Set in London and France, we join a wandering writer as he begs, borrows and steals his way into and out of the lives of an interesting supporting cast.
Jake Donoghue is a 30-something translator of French works who lives hand to mouth, relying on the kindness of friends and shopkeepers. Drawn to philosophers and communists, he nonetheless is unable to plant his feet on the ground in order to get down to the business of writing, so carries on springing from one adventure to the next. There’s something about this guy that makes you want to root for him.
Jake’s sidekick, Peter O’Finney, aka Finn, is his Irish equivalent. He is unquestionably devoted to Jake, who he puts before himself. He is also, stereotypically, quite devoted to alcohol which he consumes with Jake in vast quantities. Finn was the kind of guy everyone likes, but probably couldn’t explain why.
The enigmatic Hugo Belfounder captures Jake’s attention when they meet at a drug testing center where both have agreed to be subjected to cold germs (repeatedly, by the way so they can continue their talks). Hugo finds financial success without effort and seems daunted by it all. Hugo and Jake part company following what turns out to be a misunderstanding only to find that the women they each long for long for each other’s attentions. Another easy man to like.
What is more tormenting than a meeting after a long time, when all the words fall to the ground like dead things, and the spirit that should animate them floats disembodied in the air?
Daytime sleep is a cursed slumber from which one wakes in despair. The sun will not tolerate it. If he can he will pry under your eyelids and prise them apart; and if you hang black curtains at your windows he will lay siege to your room until it is so stifling that at last you you stagger with staring eyes to the window and tear back the curtains to see that most terrible of sights, the broad daylight outside a room where you have been sleeping. There are special nightmares for the daytime sleeper: little nervous dreams tossed into some brief restless moments of unconsciousness and breaking through the surface of the mind to become confused at once with the horrors of some waking vision. Such are these awakenings, like an awakening in the grave, when one opens one’s eyes, stretched out rigid with clenched hands, waiting for some misery to declare itself; but for a long time it lies to suffocation upon the chest and utters no word.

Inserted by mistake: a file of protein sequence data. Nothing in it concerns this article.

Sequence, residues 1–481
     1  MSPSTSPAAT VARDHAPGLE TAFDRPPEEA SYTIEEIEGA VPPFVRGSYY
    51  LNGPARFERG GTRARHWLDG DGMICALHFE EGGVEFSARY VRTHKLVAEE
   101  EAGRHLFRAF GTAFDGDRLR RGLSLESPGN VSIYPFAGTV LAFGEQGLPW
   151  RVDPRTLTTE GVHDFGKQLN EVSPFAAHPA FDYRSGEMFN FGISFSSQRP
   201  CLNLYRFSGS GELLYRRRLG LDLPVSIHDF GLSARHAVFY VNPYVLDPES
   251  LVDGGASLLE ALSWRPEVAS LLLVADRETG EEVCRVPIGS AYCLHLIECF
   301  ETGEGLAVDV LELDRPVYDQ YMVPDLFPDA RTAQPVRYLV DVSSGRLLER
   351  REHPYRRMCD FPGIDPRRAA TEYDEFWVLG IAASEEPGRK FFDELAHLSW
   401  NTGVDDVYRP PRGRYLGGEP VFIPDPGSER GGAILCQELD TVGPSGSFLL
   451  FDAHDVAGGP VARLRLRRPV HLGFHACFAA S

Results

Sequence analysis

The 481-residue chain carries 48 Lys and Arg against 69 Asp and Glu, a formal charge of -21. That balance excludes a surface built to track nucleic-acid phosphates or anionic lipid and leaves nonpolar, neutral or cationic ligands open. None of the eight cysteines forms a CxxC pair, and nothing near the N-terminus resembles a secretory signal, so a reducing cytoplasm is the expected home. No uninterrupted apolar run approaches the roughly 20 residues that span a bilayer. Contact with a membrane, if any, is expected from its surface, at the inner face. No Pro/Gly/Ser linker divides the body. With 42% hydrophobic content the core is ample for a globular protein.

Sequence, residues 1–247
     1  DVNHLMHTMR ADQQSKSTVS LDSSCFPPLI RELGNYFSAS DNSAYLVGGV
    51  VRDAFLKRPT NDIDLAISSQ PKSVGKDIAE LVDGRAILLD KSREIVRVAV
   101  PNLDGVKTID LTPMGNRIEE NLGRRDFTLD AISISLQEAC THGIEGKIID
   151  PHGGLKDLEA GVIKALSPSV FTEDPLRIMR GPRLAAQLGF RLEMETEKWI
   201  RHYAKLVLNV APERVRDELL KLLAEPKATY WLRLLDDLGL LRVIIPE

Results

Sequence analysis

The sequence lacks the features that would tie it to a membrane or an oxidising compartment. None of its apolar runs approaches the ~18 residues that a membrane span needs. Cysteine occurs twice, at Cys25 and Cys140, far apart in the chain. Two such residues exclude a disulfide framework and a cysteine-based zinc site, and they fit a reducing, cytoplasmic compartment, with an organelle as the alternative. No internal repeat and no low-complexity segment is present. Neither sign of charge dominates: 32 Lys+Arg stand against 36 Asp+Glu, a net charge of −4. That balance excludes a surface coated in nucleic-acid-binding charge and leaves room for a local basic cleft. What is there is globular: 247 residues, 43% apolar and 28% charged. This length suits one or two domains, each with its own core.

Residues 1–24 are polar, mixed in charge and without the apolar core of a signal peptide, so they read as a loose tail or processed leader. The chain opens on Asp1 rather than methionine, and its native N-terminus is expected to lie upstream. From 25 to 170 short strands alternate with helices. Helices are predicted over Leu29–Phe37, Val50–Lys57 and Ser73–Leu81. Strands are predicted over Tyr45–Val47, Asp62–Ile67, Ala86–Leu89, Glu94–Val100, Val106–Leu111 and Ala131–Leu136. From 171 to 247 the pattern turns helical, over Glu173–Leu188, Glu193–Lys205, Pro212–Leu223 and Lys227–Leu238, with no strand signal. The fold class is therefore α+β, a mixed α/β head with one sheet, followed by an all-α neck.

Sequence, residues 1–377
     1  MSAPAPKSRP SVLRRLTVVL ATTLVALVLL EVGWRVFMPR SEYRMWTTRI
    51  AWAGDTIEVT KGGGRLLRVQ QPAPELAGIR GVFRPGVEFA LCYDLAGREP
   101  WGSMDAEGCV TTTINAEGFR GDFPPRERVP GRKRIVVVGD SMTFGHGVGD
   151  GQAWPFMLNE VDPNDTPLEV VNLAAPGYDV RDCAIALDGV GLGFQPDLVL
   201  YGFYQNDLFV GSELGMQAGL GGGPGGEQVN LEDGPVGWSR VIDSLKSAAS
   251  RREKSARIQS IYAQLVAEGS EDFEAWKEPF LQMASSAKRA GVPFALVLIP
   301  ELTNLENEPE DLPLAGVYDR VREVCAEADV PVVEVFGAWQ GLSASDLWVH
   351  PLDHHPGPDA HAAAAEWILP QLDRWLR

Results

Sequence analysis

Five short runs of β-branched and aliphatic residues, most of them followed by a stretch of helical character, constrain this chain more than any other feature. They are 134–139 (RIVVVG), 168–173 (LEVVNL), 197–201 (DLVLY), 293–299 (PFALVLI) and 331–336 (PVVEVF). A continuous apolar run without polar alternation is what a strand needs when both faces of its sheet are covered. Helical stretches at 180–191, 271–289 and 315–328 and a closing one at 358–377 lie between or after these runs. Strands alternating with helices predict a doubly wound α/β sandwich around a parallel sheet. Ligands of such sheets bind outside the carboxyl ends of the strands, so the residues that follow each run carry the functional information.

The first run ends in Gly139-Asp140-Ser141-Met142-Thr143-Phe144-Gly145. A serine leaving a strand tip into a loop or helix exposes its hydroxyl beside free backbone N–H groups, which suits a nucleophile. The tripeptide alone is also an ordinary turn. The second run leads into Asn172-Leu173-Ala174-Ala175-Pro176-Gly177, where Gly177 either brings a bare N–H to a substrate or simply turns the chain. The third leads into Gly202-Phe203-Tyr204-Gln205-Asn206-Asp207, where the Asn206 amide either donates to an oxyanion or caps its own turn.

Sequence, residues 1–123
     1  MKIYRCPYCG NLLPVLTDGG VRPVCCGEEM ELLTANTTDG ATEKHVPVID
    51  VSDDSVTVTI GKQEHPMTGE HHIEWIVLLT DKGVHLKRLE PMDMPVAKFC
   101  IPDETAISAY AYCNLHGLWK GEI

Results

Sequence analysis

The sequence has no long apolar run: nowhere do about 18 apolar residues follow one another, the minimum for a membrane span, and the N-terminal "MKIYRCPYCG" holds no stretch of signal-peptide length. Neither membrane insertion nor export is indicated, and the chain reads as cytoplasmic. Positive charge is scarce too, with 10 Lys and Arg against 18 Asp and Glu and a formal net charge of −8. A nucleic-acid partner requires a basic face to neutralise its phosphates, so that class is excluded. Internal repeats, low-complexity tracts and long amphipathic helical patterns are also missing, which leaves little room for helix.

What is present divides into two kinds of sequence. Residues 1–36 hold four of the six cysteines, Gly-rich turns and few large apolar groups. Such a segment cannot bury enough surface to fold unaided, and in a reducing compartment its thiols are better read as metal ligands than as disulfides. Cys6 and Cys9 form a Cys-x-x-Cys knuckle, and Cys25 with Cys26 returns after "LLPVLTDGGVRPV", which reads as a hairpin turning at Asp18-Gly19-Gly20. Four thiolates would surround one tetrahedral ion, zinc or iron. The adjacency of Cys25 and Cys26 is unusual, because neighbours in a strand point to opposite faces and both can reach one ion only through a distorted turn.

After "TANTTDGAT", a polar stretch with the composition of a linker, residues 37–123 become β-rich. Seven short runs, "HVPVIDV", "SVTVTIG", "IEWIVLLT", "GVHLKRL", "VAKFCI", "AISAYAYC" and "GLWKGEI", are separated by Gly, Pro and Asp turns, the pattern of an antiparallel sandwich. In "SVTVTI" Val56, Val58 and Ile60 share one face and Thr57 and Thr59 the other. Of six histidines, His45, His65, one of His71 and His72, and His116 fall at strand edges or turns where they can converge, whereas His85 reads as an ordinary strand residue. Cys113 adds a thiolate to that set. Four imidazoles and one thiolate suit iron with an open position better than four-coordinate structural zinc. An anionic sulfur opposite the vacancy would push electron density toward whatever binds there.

Starting a novel is opening a door on a misty landscape; you can still see very little but you can smell the earth and feel the wind blowing.
Having led such an interesting life, I’m sure any conversation with Iris Murdoch would be enlightening. Perhaps she’d share some tales of her involvement with the Communist Party or help me appreciate philosophical doctrines. Such a prolific writer would surely have some insights to share with me over a nice lunch.
My rating for Under the Net is a 9 out of 10.
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